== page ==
Recently returned from the Gulf region where she contributed to relief efforts for Hurricane Katrina, Sheila Rustgi ’07 said the roar of military Hummers driving through the deserted streets of cities she visited made her feel as though she were in a developing country.

Rustgi was one of 14 Yalies who spent Thanksgiving break in Mississippi and Louisiana repairing homes that suffered flood damage. The students returned from the trip, organized by Yale’s Hurricane Emergency Relief Organization, last Friday after working in Moss Point, Miss., for six days. Despite the devastation they encountered on their trip, students said they were inspired by the positive attitudes and hopefulness of the hurricane victims whom they met.

“I wasn’t sure what to expect, but I definitely didn’t expect people to be so optimistic,” volunteer Daniel Weeks ’06 said.

Weeks said the group camped out in the sanctuary of the First Christ Church in Moss Point, where congregation members provided them with lunch every day. While Stephen Kappa ’07 said it was hard to be away from his family for the holidays, he said a Thanksgiving dinner at the church pastor’s home made the volunteers feel welcomed.

Some student volunteers said their one-day visit to New Orleans was the most difficult part of their time in the Gulf region.

“It was eerie going back to New Orleans,” said Chris Stark ’08, a Tulane student studying at Yale until his university reopens. “What was once a huge metropolis now feels more like a ghost town.”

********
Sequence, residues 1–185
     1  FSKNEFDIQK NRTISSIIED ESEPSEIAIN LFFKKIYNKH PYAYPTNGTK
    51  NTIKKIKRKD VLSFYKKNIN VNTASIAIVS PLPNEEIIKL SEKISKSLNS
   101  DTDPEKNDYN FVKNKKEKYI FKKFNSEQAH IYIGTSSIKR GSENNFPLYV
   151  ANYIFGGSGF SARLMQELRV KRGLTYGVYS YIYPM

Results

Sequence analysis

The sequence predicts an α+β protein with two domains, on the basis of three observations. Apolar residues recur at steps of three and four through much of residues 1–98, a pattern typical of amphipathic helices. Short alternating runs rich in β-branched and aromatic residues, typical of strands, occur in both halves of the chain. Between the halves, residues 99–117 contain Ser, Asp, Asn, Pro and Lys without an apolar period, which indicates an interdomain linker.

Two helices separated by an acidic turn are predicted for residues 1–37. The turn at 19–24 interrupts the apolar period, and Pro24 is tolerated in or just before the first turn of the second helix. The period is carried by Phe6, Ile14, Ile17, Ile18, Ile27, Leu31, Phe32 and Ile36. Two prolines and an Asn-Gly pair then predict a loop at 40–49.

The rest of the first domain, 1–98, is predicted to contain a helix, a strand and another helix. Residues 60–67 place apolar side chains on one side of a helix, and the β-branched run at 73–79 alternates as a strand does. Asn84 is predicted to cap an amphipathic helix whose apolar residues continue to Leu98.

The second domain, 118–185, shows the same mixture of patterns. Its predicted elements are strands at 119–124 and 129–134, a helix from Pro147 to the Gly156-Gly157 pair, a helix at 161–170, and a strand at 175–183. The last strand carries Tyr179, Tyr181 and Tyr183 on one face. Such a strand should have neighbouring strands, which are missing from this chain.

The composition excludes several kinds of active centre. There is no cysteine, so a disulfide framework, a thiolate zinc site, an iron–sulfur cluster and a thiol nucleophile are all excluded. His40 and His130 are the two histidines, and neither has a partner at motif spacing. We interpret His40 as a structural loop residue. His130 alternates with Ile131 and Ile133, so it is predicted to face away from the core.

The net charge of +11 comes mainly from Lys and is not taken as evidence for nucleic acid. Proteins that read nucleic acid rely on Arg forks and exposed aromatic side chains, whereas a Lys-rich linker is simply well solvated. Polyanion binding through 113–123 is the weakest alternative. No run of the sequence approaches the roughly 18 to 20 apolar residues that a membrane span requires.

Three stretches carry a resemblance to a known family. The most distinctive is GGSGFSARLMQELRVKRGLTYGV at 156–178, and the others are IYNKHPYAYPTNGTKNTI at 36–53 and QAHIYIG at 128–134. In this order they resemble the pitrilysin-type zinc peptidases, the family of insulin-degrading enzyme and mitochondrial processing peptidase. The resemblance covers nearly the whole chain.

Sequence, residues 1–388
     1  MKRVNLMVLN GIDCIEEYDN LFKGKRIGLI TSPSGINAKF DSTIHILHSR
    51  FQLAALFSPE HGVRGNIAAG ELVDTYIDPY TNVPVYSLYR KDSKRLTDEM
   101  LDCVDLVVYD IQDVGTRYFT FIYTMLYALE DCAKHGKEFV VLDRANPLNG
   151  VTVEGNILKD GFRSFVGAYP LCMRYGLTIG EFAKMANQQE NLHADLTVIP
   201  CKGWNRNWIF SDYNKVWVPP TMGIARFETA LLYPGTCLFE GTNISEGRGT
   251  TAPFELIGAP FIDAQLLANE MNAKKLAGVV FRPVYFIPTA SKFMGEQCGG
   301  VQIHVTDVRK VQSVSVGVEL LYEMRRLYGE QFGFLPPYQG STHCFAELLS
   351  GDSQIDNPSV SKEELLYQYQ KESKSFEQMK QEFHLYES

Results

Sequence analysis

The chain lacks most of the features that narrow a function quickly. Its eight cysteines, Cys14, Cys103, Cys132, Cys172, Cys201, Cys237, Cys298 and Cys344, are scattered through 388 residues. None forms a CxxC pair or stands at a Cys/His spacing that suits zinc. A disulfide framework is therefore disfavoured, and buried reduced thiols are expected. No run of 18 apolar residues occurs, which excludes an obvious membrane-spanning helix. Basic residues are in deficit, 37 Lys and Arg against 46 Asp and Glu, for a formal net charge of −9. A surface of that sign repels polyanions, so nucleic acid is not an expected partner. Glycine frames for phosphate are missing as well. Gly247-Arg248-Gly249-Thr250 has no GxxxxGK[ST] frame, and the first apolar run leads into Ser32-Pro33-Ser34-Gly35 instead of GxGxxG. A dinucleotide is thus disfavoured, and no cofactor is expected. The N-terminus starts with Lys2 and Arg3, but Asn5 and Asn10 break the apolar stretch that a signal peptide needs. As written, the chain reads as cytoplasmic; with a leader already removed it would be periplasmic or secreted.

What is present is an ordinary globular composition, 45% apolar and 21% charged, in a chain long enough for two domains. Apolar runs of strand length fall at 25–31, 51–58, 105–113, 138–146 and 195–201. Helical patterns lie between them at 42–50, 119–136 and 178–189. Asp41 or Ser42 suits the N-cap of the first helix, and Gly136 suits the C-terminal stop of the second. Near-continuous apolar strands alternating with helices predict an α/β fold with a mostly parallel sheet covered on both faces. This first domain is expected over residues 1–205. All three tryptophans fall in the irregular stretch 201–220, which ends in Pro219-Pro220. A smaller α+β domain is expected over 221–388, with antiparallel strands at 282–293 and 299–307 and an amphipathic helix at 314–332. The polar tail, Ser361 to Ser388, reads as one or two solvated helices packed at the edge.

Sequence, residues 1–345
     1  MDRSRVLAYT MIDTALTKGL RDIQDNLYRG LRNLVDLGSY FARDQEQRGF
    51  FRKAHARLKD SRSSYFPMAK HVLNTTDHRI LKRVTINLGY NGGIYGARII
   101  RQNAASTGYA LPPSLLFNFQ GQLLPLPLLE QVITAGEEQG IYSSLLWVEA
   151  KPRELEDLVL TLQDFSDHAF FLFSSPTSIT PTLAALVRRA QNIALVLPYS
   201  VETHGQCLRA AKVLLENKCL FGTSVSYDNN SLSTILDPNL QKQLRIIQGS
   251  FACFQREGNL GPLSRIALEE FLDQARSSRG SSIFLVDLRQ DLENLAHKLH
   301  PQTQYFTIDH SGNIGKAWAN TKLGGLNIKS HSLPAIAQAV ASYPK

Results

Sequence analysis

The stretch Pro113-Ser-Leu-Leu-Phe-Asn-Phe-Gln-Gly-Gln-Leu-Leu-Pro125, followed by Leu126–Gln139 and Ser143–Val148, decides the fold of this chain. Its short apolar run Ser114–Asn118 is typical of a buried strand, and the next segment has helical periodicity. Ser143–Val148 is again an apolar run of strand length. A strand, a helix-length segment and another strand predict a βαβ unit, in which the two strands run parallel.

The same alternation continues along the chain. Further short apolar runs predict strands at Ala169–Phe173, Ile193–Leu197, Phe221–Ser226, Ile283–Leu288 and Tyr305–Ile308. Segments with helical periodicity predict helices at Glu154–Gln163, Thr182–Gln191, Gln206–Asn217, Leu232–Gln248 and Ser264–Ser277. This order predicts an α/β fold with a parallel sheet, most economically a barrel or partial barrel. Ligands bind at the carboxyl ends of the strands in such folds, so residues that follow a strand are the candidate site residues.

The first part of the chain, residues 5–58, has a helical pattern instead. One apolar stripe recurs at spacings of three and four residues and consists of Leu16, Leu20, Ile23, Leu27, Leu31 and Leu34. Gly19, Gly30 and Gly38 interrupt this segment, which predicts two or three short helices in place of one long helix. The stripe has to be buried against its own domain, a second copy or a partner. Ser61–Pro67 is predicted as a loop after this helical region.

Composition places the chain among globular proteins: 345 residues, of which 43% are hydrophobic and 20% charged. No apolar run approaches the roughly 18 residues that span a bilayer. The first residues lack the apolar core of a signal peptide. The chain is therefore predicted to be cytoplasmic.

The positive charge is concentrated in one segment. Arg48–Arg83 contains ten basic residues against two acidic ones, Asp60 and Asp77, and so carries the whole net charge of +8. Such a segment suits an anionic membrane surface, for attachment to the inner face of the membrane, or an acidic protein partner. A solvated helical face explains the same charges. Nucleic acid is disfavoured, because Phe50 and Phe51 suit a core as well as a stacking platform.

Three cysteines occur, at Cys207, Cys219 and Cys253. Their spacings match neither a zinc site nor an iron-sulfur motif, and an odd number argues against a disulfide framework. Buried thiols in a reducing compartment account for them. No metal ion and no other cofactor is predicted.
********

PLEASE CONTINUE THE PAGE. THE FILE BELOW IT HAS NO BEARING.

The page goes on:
Stark said he thinks reconstruction work is especially important for New Orleans because of its history as an epicenter of cultural diversity and lucrative port city.

But the students did not perform relief work in New Orleans and instead spent the majority of the break repairing three houses in Moss Point repainting and cleaning the homes, volunteer Madeleine Gelblum ’08 said. Gelblum said volunteering in Moss Point, a poor rural inland community, was rewarding because of the opportunity it gave her to visit a part the country she had never seen before.

Gelblum said it was unclear whether or not the damages they were repairing were directly caused by the hurricane or whether it was work that had needed to be done before.

Weeks said the work he and his fellow volunteers did was valuable, even if it was not all specifically hurricane-related. But he said the group’s lack of a professional contractor to direct repair efforts ruled out some of the more technical jobs, such as repairing roofs and cleaning up mold.

“Because we have no construction knowledge, there was only so much we could do,” Rustgi said.

All of the volunteers said that they found the work and their experiences rewarding, and many, including Weeks and Kappa, said they hope to return to the Gulf Coast either next spring or summer to devote more time to the reconstruction process, which they said is an ongoing problem that is likely to continue for years.

“This trip confirmed, in a much more real sense, the need for me and the rest of the country to respond to the problems caused by the hurricane,” Weeks said.